Ironically, an internet search for images of "foreplay" usually brings up pornographic pictures involving only bodies, which is strange -- because foreplay is really the process of people (not just bodies) preparing for sexual union. The whole idea of "play," after all, suggests a relationship between people.
It is interesting that the word is an expansion of “play”. Play is an important element of human life generally, and not just in children. It is, in some sense, not “serious” – there is some element of lightness in it. (In fact, it would often be a vice to take play too seriously.) At the same time, though, it is a serious fact that a life without play would be a diminished life. It is sometimes structured (as in games), but it usually involves elements of spontaneity as well. It is typically "fun", a source of relaxation and amusement. It can be delightful.
The word foreplay came into use only in the 1920s. Before that, the idea had been represented by such words as “external enjoyments”, "preliminaries", “toying”, “exciting”, and “love play”. (The word “forepleasure” was sometimes used in that sense, though not always.) More commonly even, there were references to the specific kinds of foreplay, such as caressing, fondling, etc. But there has always been a sense that people (especially women) must be "prepared" for sexual intercourse.
Foreplay is a process that covers a lot of ground: it often begins with both husband and wife in a state of sexual interest that is "pre-arousal" -- they are not yet physiologically and psychologically aroused. Foreplay is the process of moving from the pre-arousal state to increasing levels of intimacy and arousal, until the bodies (and emotions) are completely prepared for sexual union. That process can be very quick, very slow, or somewhere in between. An important part of foreplay is the partners accommodating each other in their foreplay preferences (both in general and for that specific act).
A fairly sensible description of foreplay can be found on the Full Wiki on the subject: "In human sexual behavior, foreplay is a set of intimate psychological and physical acts between two or more people meant to create and increase sexual arousal, in anticipation of sexual intercourse. Any act that creates and enhances sexual stimulation between the sex partners may constitute foreplay, including kissing, touching, embracing, talking, and teasing . . ."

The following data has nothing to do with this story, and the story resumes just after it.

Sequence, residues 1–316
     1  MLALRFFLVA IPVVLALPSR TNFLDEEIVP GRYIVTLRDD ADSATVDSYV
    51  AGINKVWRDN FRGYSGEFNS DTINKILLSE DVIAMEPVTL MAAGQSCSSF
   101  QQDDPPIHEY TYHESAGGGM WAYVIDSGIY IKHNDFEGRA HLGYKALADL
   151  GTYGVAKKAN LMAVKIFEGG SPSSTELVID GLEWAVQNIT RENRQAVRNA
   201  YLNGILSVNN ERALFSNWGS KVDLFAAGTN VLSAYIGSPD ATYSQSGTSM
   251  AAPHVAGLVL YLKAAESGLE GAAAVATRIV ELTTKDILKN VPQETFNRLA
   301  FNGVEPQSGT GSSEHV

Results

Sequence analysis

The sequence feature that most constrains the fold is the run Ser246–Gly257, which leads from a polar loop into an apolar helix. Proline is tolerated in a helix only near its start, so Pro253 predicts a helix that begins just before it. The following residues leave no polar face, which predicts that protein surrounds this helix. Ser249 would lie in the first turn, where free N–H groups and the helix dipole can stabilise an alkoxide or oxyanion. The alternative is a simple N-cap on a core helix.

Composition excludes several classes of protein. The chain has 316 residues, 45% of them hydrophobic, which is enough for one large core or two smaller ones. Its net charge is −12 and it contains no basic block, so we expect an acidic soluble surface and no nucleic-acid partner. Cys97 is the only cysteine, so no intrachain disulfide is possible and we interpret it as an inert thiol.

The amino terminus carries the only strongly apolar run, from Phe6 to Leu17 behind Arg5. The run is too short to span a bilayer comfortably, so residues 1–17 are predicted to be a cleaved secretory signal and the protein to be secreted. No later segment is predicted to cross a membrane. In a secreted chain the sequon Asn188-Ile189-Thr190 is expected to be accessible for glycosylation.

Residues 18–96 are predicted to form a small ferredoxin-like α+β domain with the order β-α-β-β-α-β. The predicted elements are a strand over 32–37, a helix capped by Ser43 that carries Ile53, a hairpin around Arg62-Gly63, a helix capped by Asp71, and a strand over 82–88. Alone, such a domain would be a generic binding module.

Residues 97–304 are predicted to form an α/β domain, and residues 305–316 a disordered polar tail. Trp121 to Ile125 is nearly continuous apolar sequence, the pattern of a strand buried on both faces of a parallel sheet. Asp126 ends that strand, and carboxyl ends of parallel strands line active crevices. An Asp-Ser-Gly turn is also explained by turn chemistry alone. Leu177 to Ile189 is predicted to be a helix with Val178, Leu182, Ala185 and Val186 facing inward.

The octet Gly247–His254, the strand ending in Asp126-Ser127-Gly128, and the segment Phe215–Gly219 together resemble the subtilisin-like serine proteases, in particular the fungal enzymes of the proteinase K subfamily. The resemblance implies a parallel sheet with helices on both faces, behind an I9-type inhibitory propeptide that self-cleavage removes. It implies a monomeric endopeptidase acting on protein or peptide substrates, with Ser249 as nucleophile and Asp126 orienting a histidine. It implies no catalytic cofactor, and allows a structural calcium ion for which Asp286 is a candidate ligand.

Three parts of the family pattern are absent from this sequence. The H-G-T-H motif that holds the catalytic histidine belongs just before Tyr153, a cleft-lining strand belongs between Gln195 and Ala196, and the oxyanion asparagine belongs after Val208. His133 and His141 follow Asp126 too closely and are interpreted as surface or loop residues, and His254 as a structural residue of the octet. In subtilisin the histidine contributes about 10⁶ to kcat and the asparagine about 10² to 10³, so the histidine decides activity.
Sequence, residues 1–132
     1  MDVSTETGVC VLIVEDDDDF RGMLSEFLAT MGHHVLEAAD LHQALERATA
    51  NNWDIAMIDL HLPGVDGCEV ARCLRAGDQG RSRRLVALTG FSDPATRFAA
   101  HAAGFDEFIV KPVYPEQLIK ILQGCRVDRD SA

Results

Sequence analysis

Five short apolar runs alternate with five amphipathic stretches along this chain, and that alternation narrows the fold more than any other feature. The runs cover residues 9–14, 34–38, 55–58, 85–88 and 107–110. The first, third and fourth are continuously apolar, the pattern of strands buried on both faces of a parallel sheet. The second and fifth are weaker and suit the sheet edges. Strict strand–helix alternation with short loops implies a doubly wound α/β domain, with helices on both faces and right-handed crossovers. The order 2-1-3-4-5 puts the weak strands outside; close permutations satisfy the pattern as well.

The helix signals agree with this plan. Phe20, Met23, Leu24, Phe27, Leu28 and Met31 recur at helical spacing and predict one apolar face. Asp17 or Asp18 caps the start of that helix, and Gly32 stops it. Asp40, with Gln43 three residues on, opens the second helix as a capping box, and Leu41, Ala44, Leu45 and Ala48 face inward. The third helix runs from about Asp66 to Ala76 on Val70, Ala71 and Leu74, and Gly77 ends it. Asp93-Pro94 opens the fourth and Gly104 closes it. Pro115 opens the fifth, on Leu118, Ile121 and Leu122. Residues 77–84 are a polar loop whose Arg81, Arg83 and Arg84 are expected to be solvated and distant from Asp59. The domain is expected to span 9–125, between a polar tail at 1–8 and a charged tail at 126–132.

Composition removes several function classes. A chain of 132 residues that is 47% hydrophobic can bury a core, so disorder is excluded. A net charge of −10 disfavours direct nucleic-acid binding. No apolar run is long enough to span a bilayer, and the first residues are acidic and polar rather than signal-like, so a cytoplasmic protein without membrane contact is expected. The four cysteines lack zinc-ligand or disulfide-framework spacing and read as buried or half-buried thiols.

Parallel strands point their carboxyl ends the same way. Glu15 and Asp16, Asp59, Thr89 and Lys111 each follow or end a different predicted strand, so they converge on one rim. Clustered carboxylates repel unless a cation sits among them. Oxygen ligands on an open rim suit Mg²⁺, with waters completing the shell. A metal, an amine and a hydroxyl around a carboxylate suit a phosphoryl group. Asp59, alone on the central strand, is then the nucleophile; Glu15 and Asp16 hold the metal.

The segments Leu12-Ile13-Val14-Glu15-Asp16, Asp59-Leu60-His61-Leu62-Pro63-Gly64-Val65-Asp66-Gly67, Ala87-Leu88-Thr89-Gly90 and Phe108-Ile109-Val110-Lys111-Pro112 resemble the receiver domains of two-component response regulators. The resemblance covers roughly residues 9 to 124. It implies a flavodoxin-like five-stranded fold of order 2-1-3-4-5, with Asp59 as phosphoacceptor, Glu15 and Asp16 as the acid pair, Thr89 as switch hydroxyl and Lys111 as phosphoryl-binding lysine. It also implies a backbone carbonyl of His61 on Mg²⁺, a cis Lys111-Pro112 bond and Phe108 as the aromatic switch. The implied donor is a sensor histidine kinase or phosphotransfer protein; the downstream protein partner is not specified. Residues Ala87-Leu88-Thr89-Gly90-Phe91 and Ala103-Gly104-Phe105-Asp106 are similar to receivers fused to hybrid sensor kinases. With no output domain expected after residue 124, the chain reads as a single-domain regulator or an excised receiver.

Unfortunately, many written discussions of foreplay on the internet are formulated in terms of what one person "does to" the other. (The "moves" that will drive him, or her, "wild"!) But there are also a good number of sensible discussions of foreplay as well. The reason is simple: a lot of women write on the web, and it is a permanent frustration of women from time immemorial that men so often want to "just do it" -- that is, they want to move right to the physical manipulation of the bodies to stimulate and enjoy physical pleasure. Women, on the other hand, are more inclined to want an extended period of embracing and kissing and caressing and talking (an exchange of affectionate, romantic words) prior to really "getting into it" physically. That psychological dimension is central to foreplay.
Part of the reason for women's need for foreplay is physical: women are "made" to need time to get aroused and have their bodies prepared for sexual intercourse (most obviously, by the natural lubrication of the sexual organs -- although this may be as good a place as any to point out that artificial lubrication is a wonderful thing, and helps both partners experience greater pleasure in the caresses of either the vagina/clitoris or the penis).
But the reason for the need for more attention to foreplay is also psychological. Women tend to focus more on the personal relationship in sex, compared to men, and foreplay is a way of cultivating that sense of personal union that is so important to them.
That's why "foreplay" doesn't consist simply in caressing a woman's breasts or vulva -- her most obvious "erogenous" zones, which men tend to latch onto quickly -- but in caressing the whole body and also in the affectionate words accompanying the kisses and caresses.
A husband needs to tell his wife that he admires her, and why he admires her. He needs to know what her psychological needs are: her worries, her frustrations, her desires and aspirations -- and what makes her feel loved, what makes her feel close to and united with this man with whom she is making love. A man has to create a spiritual union with his wife to prepare her for the physical union.
Men tend to get impatient ("yeah, yeah, I know we gotta talk"), partly because the sexual urge is propelling them forward at a faster pace. But, of course, they can learn to be more patient, and the "payoff" is great: their beloved will ultimately respond more powerfully to their lovemaking. And some men even learn to enjoy the foreplay as much as their wives (though probably not the "foretalk")!